New hip at 15

jordansmum Member Posts: 257
edited 17. Sep 2016, 11:47 in My child has arthritis
Hi guys ,my goodness it's been a long time since posting on here , I wish I could be posting on here with good news but Jordan is still having a lot of problems his treatment with methotrexate, enbrel and all the painkillers have not kept his disease at bay so mr gent at Southampton hospital has desided a new hip is in order . Has anyone else's child had a replacement joint i know that it is needed but I am worried about the long term prospects he is 15 that's so young his surgeon said he will have a lot of restrictions as these joints were designed for people of lets say the older generation whom are not as energetic as a youngster so I wonder how long it's going to last thanks for reading , any insight would be great .


  • HannahT
    HannahT Member Posts: 38
    edited 30. Nov -1, 00:00
    I just wanted to send you good wishes for the surgery!

    Stay strong.

  • darcymay35
    darcymay35 Member Posts: 2
    edited 30. Nov -1, 00:00
    Hi my daughter is 13 she has severe systemic arthritis which effects all of her joints , she has had it from the age of 3 , she has recently had an mri on her hips because she is unable to walk and the the pain in her hip is excruciating! They unfortunately told us that the arthritis has destroyed a large part of both hips and I cant understand why they have told us there nothing that can be done until she is older ! How can she cope with this ? I'm finding all these doctors and specialist so un helpful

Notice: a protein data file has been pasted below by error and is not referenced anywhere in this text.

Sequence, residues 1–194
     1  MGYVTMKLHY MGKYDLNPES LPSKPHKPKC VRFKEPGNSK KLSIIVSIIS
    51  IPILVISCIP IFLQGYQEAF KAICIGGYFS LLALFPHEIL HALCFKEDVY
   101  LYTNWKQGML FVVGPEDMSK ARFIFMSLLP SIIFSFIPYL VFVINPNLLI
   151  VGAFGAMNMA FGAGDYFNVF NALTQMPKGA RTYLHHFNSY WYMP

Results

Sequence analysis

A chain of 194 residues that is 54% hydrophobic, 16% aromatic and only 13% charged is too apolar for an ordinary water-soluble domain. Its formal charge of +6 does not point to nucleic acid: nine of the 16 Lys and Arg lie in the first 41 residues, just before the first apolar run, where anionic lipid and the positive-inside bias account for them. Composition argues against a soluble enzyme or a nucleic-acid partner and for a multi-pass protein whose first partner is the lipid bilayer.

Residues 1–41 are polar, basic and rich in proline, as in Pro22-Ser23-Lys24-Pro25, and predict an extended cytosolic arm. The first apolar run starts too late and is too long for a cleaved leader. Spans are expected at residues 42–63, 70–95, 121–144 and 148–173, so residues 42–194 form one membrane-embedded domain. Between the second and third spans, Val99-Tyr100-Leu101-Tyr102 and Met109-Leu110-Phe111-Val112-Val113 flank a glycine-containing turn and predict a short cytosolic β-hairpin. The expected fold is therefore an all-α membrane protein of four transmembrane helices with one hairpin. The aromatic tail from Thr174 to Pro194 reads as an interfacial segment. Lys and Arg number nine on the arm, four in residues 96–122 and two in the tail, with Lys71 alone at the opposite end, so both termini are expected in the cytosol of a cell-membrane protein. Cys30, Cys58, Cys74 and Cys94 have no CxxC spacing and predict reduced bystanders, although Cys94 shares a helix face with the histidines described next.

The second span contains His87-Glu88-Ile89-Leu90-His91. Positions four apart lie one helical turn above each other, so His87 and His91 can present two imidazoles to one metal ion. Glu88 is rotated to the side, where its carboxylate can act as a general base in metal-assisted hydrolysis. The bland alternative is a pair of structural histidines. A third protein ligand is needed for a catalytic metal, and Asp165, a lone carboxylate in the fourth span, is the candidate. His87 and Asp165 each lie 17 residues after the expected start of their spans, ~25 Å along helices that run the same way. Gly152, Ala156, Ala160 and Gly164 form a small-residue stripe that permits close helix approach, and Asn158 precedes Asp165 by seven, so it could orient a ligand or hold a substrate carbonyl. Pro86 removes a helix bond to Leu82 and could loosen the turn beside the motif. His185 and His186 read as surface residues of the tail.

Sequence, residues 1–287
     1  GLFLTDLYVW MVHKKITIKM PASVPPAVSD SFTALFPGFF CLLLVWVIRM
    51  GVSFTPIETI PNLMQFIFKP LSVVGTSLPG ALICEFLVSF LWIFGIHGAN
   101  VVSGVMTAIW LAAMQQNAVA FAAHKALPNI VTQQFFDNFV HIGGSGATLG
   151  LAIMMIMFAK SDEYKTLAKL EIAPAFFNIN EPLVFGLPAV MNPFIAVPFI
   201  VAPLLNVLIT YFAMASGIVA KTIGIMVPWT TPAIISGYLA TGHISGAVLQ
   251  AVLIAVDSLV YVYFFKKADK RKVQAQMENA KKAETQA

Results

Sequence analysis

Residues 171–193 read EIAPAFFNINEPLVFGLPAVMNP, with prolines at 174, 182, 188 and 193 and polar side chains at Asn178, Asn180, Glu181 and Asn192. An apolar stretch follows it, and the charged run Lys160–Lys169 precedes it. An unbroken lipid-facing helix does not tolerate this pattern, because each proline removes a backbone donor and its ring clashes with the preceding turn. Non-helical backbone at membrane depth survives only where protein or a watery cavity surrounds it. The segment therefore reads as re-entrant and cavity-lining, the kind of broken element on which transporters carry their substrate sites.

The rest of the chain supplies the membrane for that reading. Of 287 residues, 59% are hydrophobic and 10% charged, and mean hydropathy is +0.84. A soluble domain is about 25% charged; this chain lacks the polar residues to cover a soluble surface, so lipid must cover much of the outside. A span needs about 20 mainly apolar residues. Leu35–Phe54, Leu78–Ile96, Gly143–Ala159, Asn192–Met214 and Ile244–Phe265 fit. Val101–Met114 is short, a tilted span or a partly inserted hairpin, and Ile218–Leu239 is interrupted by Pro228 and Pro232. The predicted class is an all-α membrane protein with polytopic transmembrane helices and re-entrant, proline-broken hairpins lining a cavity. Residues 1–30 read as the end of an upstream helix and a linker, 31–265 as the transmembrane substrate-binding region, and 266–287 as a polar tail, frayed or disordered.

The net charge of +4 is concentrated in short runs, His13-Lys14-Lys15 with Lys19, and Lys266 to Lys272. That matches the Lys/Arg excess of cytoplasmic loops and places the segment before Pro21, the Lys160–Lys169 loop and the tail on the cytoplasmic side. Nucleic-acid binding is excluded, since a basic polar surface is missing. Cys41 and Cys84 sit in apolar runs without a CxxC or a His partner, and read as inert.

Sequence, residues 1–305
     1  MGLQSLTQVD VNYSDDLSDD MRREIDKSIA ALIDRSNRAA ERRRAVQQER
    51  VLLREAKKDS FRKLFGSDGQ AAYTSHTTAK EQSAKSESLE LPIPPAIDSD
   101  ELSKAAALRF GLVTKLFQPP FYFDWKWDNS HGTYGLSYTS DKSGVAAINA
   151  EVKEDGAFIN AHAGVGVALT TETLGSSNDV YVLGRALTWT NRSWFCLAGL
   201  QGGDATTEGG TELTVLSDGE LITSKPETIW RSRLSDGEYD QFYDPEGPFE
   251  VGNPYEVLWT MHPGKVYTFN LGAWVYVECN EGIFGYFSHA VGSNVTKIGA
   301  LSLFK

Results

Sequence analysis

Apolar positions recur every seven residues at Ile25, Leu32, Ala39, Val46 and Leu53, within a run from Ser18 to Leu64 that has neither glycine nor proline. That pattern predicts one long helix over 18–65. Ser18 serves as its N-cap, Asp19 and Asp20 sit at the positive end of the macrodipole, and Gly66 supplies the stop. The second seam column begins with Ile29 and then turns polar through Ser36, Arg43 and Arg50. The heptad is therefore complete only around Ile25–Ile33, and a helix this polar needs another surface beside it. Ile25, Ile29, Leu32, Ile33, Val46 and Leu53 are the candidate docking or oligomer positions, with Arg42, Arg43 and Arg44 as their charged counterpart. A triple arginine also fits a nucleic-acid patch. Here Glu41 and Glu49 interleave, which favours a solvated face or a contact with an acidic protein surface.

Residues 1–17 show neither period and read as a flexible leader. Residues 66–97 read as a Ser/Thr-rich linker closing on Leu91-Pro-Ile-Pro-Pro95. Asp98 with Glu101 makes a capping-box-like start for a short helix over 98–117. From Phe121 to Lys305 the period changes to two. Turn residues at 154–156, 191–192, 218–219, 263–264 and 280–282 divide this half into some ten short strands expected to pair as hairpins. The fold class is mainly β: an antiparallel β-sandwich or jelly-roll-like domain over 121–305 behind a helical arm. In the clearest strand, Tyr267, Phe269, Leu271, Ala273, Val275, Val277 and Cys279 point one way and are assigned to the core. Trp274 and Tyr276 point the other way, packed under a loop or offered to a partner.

• [Deleted User]
    [Deleted User] Posts: 3,635
    edited 30. Nov -1, 00:00
    Hi darcymay35
    I am so sorry to hear your daughter is having such a difficult time, having arthritis in the hips is very painful indeed and it is extremely hard as a parent to see your child in pain. We have a dedicated phone line for issues involving young people with arthritis called the Source on 0808 808 2000.
    We also have a section called children with arthritis including a booklet about having a child with arthritis
    Your consultants may feel that they cannot presently offer surgery to your daughter because she is still growing but it would be worth asking them to clarify this situation for you. It is also reasonable to ask them what their plan is to support your daughters independence now. It can be hard to ask these questions and it may be worth taking someone with you who can support you in getting the answers you need about her treatment plan. Please keep us up to date with how you get on and I am sure other community members on her will post support and suggestions for you.
    Best Wishes
  • stickywicket
    stickywicket Member Posts: 27,726
    edited 30. Nov -1, 00:00
    Hello darcymay35 and welcome from me too.

    No matter how bad things have ever been for me I have always been so pleased that it was I who have the arthritis not my sons. Watching our children in pain is one of the hardest things we can do.